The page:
The combined state and local tax incentives that are being pitched to Amazon for their second headquarters are out—reported by both Fran Spielman of the Sun-Times and Greg Hinz of Crain’s—and the numbers are, unsurprisingly, real big.
Start with $1.4 billion in tax credits via Illinois’s Economic Development for a Growing Economy program, about 28 times the biggest EDGE credit doled out in recent years (to the electric-vehicle maker Rivian). The next biggest chunk is “site-specific infrastructure improvements” from some combination of the Illinois & Chicago Departments of Transportation, CTA, and other agencies, for $450 million, the equivalent of how much it cost to rebuild the Wilson and 95th CTA stops. Then “$250 million worth of investments in education, workforce development, and ‘Neighborhood Opportunity Funds’.”
Those are the biggest elements of a package that adds up to $2.2 billion dollars, or about $45,000 per job that Amazon promises to create.
The interesting thing about the package, at least from the outline that’s been reported on, is that not all of that would go directly to Amazon’s bottom line. The infrastructure improvements would provide a more general benefit (though they could, in theory, come at the expense of those elsewhere); same with the education and development credits.
So let’s just take a look at the EDGE credit: $1.4 billion for 50,000 jobs, assuming that the full credit is dependent on that figure. If so, it’s above average for how much the state has promised companies in the past couple years, but far from the highest amount of money per job.
The state’s Department of Commerce and Economic Opportunity lists all the EDGE credits given out from January 2015 through April this year. Excluding the instances when some or all credits were given to retain jobs, there were 108 credits given to create 14,850 jobs at a cost of $286,629,352.
That’s an average of $19,301 per job (the median is $21,000). A $1.4 billion credit for 50,000 jobs is $28,000 per, so it’s above average—but 32 EDGE credits have been given at a higher price per job. The Rivian deal, for instance, is for 1,000 jobs and a tax credit of over $49 million for 1,000 jobs—so almost $50,000 per job for a company with no track record.
Amazon’s EDGE credit is closer to that offered to Glassdoor, an online job-search site: $6.3 million for 240 jobs, or about $27,500 per job, which makes sense—EDGE is tailored to the salaries created by the jobs. According to a 2016 filing, the company’s first batch of 104 employees was hired at an average salary of $70,000. Doing some admittedly primitive back-of-the-envelope calculations, 240 people at that salary paying about $3,000 in state income tax every year would be $612,000 a year, so it would—assuming a whole lot, like whether the presence of thousands of more workers would not substantially increase demand on public services that a company without tax credits would be paying toward—break even after 11 years.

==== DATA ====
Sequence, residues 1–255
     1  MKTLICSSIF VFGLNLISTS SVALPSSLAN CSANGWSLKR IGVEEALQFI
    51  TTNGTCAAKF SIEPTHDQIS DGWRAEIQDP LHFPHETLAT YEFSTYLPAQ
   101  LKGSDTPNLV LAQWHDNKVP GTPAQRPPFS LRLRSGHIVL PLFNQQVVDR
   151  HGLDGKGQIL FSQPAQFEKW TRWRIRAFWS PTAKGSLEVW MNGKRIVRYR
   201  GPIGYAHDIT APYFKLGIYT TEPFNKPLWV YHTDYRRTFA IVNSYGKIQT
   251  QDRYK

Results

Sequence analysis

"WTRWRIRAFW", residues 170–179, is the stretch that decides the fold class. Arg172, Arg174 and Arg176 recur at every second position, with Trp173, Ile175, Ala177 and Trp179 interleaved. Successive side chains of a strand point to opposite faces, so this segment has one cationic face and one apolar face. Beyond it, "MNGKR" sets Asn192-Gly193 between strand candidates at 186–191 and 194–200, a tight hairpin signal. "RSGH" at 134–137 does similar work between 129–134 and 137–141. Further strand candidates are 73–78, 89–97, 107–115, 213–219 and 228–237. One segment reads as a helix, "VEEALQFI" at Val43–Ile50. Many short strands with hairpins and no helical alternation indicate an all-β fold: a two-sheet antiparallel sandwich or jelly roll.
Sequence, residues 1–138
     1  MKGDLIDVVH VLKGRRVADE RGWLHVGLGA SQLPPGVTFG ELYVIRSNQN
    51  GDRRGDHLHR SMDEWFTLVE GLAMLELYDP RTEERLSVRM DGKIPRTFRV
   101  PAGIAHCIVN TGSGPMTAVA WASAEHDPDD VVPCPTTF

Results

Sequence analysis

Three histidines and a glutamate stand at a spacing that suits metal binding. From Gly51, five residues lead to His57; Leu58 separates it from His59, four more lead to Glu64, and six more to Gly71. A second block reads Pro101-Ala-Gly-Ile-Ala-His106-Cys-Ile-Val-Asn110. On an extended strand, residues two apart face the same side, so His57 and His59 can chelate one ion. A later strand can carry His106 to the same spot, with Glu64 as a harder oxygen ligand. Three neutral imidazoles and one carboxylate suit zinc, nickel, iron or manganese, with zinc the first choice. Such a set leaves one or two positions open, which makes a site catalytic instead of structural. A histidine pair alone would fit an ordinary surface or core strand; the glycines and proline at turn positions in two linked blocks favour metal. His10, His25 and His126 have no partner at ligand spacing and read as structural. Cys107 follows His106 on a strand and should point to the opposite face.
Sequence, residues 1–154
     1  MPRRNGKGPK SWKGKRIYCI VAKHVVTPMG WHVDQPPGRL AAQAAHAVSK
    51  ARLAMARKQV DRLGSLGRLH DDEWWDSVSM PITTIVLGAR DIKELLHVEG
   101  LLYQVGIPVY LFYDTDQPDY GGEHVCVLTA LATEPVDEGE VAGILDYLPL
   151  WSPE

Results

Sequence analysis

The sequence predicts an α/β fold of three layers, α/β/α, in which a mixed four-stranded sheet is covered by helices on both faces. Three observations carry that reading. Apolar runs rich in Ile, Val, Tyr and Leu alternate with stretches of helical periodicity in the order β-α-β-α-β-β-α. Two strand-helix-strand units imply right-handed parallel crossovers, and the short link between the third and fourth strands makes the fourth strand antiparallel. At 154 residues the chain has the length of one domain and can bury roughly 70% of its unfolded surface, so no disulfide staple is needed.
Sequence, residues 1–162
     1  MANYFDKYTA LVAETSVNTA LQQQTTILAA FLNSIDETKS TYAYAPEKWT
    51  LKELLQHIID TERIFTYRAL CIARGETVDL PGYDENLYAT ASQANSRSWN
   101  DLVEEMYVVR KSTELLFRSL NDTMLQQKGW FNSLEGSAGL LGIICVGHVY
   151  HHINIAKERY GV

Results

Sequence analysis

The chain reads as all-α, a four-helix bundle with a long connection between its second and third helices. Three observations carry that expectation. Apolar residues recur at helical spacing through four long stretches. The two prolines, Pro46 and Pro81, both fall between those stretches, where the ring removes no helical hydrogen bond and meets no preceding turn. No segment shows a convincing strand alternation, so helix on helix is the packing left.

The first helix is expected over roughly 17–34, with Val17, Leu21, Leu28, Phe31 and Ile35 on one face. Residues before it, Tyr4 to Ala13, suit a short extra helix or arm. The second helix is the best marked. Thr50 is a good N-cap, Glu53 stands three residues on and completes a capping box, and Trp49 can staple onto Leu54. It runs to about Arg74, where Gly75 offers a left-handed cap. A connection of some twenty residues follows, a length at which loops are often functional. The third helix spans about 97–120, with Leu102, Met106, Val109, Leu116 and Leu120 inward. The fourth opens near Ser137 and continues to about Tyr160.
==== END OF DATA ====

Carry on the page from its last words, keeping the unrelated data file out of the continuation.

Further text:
Of course, part of the reason we assume a whole lot about tax incentives for job creation is that their effects are not terribly well understood, as seen in this analysis that cites a local example:
Using a wide range of assumptions and methodological approaches, research has thus led to mixed results. A few studies have reported a positive relationship between tax incentives and job growth, particularly when companies are deciding where to locate within a specific region. Most, however, have found that tax incentives are a zero sum game for the states in aggregate and have little to no effect on aggregate job creation or other metrics of economic development.
A 2008 review of research on business location decisions, for example, reported that most research shows incentives not to be worth the money spent by state and local governments. One example describes Chicago’s effort to attract the headquarters of Boeing, the world’s leading aerospace company and the largest manufacturer of commercial jetliners and military aircraft. Included in the $63 million incentive package were $41 million in state tax credits and local property tax abatements…. There was, in fact, no evidence of local job creation associated with the Boeing relocation to Midway and the multiplier effect—the creation of additional jobs and income as spending from the Boeing headquarters rippled through the economy—was not significant.
(Boeing got $63 million for 500 jobs, or about $120,000 per job, in 2001 dollars.)
One reason business tax credits are not terribly well understood is that a lot of states aren’t good at tracking them. Take, say… Illinois. Two years ago the Tribune published a brutal analysis of the state’s track record with the EDGE credits, finding that the state couldn’t actually say how many jobs had been created and that 79 recipients had actually cut over 23,000 jobs.
As an example, Mitsubishi got tax incentives back in 1988 to open a joint plant with Chrysler in Normal, Illinois. It got an additional EDGE credit to retain its 1,250 jobs—just retain existing jobs—in 2011. It closed in 2015. Now the aforementioned electric-car maker Rivian is the recipient of the largest EDGE credit of recent years… which will build cars in the old Mitsubishi plant. (After being briefly mothballed, a seemingly improved EDGE program will be used to target Amazon.)
So while the raw numbers are eye-popping, they translate to something fairly typical. And they certainly translate to less than New Jersey’s offer—seven billion dollars—much less what it took for Wisconsin to land Foxconn. At $3 billion for fewer jobs at a lower average salary, they’re looking at $15,000 to $19,000 in tax incentives per job… per year.